Jane Is So Spiritual and So Phony (II)

Excerpt from Chapter 1 - Overview

3. Jane has adopted some quick and easy psychological defenses against unwanted feedback. If you made the comment that her life seems a bit too wonderful, then her response might be, "You are just justifying your own lack of wonderfulness by judging me." Or she might say, "You are projecting your fears on to me," or "Your ego seems involved here." These responses are really counterattacks that allow Jane to express some critical judgments of her own. She blames all unwanted feedback on the person who has the temerity to express even the slightest doubt about how wonderful her life is. With the help of her shaman and the group surrounding the shaman, she justifies any unwanted feedback as not being her problem. She fails to see how defensive both she and her shamanic group are.

4. If you listen carefully to Jane (and many of the rest of those following a guru/shaman/nagual/person-with-special-spiritual-knowledge), there is widespread condescension towards those of us who are not wise enough or spiritual enough to be following their exalted spiritual paths. They tell themselves they are feeling love and/or compassion (for us lesser misguided mortals). But the underlying truth is that they are using God's love to cover over the judgments and the condescension they are feeling. They are even more desperately trying to hide from the anger, rage and hatred that underlie their judgments and condescension. (Please see Chapter 11 for more on the Compassion Trap.)

5. Jane's relationship with her spouse is also too wonderful because the two of them are living with significant illusions. They are both following their childhood patterns of trying to please parents by acting the way their parents desired. Now, they try to please the shaman and each other by acting and being as spiritual as possible. Much of their relationship is based upon each of them fulfilling "spiritual expectations" that each of them have (e.g., to be loving, kind, serving the world and their shaman and not to be angry or hating). The ongoing presence of her spouse is also used regularly and routinely by Jane to cover over feelings of aloneness and emptiness that are two of the core feelings of childhood traumas. The presence of her husband covers over and soothes the childhood neurotic pain of her wants/needs for treatment as someone "special" and her hopes for parental love. (Please see Chapter 10 for more on such parental difficulties.)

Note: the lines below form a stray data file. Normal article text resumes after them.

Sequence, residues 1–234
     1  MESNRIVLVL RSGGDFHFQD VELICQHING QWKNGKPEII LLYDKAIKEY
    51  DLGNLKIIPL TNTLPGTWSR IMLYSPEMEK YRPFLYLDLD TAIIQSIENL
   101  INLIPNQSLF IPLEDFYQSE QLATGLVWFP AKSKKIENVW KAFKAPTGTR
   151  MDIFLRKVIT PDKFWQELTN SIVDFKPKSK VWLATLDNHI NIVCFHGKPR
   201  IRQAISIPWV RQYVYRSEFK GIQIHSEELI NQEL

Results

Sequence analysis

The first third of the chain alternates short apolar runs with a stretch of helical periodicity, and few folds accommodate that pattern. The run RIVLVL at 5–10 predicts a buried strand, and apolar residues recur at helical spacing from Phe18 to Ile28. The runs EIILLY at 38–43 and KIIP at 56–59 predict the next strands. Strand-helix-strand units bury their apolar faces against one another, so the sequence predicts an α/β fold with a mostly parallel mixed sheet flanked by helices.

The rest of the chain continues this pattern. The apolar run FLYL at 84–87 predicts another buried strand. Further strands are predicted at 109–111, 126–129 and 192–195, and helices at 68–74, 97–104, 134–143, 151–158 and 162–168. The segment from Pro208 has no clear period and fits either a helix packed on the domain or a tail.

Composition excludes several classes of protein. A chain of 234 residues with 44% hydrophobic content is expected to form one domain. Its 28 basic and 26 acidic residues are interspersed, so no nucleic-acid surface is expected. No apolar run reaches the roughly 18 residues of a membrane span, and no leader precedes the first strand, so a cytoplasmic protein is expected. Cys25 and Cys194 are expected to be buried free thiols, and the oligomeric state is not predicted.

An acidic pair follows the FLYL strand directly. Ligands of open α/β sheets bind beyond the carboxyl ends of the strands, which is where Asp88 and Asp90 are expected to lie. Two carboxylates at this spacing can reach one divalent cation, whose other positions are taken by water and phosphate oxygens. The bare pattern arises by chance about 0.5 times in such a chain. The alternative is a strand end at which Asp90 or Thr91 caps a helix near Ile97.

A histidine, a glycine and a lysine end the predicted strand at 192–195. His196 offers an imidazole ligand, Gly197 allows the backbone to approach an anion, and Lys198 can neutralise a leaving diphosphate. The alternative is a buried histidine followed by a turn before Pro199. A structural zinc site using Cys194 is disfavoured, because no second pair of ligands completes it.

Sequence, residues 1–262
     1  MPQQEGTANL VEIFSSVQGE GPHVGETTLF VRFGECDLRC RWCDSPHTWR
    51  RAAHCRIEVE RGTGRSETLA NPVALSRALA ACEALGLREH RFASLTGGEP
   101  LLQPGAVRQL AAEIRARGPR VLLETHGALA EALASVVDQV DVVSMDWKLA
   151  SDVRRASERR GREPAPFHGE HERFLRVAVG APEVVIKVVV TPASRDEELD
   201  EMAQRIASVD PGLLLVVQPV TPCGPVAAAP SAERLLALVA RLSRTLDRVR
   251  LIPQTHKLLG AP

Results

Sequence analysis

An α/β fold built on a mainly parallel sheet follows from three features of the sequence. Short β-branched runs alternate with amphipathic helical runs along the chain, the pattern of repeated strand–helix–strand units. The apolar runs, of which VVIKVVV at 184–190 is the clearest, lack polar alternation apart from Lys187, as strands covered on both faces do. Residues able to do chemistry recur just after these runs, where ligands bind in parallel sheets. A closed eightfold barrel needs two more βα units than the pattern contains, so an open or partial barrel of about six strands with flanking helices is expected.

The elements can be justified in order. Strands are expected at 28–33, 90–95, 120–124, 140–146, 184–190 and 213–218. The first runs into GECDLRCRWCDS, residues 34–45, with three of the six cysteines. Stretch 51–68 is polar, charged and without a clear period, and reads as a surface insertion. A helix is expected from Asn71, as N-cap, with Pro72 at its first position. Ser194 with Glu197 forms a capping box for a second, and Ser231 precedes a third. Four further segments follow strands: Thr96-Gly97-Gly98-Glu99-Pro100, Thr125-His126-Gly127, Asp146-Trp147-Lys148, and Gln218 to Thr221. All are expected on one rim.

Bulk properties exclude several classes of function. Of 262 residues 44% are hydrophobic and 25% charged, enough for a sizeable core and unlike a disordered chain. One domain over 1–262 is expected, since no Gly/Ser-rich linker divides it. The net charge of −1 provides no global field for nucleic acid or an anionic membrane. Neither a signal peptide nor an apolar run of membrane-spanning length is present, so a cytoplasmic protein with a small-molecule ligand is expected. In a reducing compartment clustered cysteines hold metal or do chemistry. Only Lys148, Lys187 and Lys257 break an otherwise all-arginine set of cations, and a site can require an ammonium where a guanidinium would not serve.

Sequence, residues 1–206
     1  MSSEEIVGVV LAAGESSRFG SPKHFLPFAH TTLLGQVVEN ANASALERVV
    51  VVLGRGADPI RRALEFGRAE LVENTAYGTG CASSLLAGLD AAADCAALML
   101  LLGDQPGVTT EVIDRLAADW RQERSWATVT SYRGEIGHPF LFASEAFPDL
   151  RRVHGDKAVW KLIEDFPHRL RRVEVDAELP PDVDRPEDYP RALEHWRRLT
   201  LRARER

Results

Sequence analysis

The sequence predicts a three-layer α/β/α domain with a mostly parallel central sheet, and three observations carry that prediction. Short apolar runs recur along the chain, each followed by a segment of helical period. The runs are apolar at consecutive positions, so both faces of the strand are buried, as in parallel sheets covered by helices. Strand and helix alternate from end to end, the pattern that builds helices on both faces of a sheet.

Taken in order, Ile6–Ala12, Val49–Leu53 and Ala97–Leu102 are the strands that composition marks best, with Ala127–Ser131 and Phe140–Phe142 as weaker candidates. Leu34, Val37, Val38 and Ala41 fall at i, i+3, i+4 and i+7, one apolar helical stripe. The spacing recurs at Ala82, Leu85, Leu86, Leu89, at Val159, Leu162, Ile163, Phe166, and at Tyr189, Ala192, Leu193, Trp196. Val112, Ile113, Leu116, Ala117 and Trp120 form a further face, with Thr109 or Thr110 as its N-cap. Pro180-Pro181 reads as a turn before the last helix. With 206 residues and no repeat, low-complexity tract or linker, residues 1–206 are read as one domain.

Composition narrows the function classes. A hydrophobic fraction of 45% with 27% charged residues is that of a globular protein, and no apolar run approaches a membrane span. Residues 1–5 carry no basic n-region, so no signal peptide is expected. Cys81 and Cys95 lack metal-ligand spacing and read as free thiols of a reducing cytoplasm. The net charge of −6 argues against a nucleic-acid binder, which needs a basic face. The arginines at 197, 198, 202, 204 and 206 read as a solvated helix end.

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© 2008 by Thayer White
Finding Your Soul in the Spirituality Maze


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Excerpt from Be Your Own Therapist: "The concept of a trauma knot may be useful, a knot in which words, emotions, sensations and thoughts are all intertwining strands within the knot. Depending upon the size and complexity of the knot, loosening one or two strands may or may not completely untie the knot (permanent healing)."